Classics may be defined as the study of ancient Greece and Rome without the study of the classical languages Greek and Latin. Students gain an in-depth knowledge of important aspects of both Greek and Roman civilisation, and an understanding of their formative and enduring influence on the rich cultural tradition of Western Europe. The subject combines elements of several disciplines: literature, ancient history, art history and philosophy.
What is the value of Classical Studies?
Classics is a subject of significant intrinsic merit and also teaches invaluable analytical and written skills which are crucial in today’s world. Classics introduces us to the high points of Western civilisation and allows us to examine some of the greatest works of the human intellect and creative genius.
We walk in the footsteps of countless generations who have learned to navigate the future more confidently by reflecting on the past. Classics teaches students to think analytically and independently. It also helps students to improve and develop their written skills. No matter what aspirations you have for the future, no matter what professional or career path you choose to follow, you will need to be able to think, speak and write clearly, logically and critically.
Classics not only opens our eyes to the outstanding achievements of the ancient world, enriching us personally and taking us to a world beyond our immediate and daily concerns, but also helps us to develop and hone skills that are crucial for both future study and professional life.
Is Classical Studies for you?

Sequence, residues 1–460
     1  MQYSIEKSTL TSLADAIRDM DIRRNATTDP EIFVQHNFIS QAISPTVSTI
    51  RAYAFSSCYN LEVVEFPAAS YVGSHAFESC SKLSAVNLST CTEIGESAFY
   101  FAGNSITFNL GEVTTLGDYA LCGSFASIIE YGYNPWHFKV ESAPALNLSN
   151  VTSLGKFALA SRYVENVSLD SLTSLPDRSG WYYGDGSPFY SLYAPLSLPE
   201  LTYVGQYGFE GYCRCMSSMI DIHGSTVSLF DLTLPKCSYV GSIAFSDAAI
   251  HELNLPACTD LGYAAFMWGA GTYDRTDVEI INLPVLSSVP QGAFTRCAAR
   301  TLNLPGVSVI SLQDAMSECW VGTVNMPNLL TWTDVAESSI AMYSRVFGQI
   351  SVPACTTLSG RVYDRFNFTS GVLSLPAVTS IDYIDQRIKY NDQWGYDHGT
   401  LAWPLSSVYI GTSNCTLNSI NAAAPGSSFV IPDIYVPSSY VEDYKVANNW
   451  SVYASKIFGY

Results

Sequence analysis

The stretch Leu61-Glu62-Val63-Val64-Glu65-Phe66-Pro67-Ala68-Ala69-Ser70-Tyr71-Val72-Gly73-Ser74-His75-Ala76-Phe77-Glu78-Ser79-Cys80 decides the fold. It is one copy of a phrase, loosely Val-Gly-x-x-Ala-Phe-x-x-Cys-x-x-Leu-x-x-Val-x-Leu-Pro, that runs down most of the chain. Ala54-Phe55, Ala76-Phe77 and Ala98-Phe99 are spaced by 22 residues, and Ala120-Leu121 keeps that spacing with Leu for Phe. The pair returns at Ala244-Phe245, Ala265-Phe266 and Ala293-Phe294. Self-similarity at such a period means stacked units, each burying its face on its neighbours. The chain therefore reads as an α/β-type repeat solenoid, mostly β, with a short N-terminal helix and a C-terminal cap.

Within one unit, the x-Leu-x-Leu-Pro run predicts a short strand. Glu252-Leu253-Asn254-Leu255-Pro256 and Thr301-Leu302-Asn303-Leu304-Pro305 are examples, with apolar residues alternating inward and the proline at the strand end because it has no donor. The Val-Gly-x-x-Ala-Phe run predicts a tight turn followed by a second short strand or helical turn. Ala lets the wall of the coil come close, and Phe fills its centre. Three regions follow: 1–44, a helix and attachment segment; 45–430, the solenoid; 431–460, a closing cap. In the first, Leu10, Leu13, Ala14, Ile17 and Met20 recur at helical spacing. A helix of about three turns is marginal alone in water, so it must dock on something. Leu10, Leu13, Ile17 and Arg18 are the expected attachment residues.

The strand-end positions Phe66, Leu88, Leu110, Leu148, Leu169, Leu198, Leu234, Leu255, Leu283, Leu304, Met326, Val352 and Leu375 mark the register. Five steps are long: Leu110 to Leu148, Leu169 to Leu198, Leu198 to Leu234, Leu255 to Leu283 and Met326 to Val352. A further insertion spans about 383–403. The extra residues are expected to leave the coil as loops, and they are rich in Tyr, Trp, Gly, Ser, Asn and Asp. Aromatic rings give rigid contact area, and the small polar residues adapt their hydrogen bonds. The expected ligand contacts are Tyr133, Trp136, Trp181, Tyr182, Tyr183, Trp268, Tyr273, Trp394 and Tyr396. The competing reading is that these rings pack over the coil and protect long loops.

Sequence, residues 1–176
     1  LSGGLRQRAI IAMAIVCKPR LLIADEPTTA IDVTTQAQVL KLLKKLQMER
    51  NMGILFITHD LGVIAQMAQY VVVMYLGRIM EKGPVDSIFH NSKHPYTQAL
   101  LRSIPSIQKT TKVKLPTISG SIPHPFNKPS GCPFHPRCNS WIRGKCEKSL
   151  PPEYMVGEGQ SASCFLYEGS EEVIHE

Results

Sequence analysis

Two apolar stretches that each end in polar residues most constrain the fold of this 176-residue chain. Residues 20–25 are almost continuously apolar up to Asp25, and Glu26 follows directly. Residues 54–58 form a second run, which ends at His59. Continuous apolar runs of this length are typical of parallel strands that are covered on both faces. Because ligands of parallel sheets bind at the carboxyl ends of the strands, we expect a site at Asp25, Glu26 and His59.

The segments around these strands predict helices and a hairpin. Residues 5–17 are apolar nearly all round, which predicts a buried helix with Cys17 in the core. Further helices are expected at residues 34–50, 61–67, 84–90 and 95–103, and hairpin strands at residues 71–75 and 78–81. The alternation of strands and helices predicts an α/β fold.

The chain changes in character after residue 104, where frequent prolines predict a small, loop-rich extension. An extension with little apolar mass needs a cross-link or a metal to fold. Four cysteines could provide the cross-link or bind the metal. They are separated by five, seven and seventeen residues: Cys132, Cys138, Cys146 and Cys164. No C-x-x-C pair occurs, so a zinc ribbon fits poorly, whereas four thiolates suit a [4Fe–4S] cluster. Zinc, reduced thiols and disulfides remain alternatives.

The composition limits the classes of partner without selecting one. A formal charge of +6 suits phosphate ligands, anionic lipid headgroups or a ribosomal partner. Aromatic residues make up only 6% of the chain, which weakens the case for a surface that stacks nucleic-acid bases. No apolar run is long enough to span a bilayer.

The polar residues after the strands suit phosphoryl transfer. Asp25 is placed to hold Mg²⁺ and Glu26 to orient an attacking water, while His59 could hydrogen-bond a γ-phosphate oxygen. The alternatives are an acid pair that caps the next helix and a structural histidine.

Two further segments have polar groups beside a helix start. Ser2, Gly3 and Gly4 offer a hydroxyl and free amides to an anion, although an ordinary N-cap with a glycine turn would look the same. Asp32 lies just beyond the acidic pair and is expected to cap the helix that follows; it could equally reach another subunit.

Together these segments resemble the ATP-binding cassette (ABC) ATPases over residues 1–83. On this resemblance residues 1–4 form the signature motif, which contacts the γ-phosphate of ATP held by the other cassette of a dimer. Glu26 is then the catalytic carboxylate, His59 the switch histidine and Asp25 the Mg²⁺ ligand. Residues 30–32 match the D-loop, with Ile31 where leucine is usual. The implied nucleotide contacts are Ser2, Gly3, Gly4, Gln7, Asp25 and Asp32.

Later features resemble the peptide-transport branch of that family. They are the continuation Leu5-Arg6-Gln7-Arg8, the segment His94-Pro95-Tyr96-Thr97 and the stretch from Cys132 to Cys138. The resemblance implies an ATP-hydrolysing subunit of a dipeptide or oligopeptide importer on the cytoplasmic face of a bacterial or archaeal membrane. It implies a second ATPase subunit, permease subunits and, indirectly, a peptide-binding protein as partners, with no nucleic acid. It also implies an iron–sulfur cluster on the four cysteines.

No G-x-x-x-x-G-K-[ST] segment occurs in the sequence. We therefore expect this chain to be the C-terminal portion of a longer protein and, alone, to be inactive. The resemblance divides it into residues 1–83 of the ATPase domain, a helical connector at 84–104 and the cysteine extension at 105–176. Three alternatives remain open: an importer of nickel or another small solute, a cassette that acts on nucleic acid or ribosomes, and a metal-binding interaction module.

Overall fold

If you are interested in the humanities, and enjoy subjects like History, English, Languages, Music and the Arts, you may like to consider Classics. Humanities subjects provide excellent preparation for students thinking about careers in law, politics, government, diplomacy, academia, teaching, journalism, publishing, the media and communications, and in any of the creative professions.
If you are thinking of studying Latin at senior levels, then you should definitely think about taking Classics as well. Latin and Classics are an excellent fit. Latin will enable you to focus on the language and literary aspects of original Latin texts, while Classics will give you the wider historical, social, political, artistic and literary background, and enable you to read Greek and Latin texts in translation. Latin students who take Classics as well, will also gain an insight into the civilisation of ancient Greece which underpins and influences so much of Roman literary and artistic achievement. Some of our top scholars in recent years have studied both Latin and Classics.